Augmented reality may help relieve phantom limb pain

Thursday, 30 March, 2017

Augmented reality may help relieve phantom limb pain

A small study published in The Lancet involved 14 patients who began experiencing phantom limb pain soon after arm amputation and had not benefited from other treatments.

For a third of amputation cases pain becomes very severe, leading to poor quality of life, worse disability, poorer mental health and greater difficulty in prosthesis use than for amputees without phantom limb pain. Surgery and drug therapy have limited success with these patients.

The treatment in this study, called ‘phantom motor execution’, is based on mirror therapy that uses reflections of the unaffected limb, allowing the patient to ‘move’ the limb out of painful positions and relieve pain.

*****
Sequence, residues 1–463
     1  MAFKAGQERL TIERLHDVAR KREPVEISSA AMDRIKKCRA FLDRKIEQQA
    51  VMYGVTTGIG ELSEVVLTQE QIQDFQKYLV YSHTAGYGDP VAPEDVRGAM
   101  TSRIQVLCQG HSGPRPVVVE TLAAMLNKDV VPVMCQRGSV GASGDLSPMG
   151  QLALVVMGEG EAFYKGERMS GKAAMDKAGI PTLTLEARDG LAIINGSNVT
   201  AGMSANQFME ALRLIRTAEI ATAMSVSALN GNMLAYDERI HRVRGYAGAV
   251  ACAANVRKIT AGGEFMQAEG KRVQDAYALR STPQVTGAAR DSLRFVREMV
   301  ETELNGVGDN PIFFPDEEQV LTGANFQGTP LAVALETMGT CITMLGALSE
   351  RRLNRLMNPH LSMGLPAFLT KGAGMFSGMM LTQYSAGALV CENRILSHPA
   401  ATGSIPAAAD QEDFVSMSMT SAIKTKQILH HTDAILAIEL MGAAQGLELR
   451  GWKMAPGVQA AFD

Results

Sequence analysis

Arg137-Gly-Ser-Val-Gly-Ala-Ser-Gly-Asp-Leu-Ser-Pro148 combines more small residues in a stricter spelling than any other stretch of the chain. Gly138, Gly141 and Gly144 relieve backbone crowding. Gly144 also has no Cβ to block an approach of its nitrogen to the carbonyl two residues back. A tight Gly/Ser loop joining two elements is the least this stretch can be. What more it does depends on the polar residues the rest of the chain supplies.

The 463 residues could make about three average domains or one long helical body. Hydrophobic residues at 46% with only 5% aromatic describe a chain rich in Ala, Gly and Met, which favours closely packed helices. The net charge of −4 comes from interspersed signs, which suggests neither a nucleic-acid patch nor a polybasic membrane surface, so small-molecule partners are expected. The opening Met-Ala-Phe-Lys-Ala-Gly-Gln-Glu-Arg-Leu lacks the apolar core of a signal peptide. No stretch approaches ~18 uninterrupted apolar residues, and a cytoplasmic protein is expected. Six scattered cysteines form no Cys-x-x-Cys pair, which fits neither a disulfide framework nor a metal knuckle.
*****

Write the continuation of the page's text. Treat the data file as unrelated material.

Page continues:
In the study, researchers placed sensors on the patients’ stumps to detect muscular activity for the missing arm. The signals were then fed into a computer that decoded and used them to create an active virtual arm on a computer screen, representing the missing limb.

The study found that on average the intensity, quality and frequency of phantom limb pain halved following treatment — with a 32% reduction in the intensity of the pain, a 51% reduction in pain quality and  a 47% reduction in its duration, frequency and intensity. The researchers found that there was a 43% reduction in the amount that pain interrupted patients’ daily activities and a 61% reduction in how often pain interrupted their sleep.

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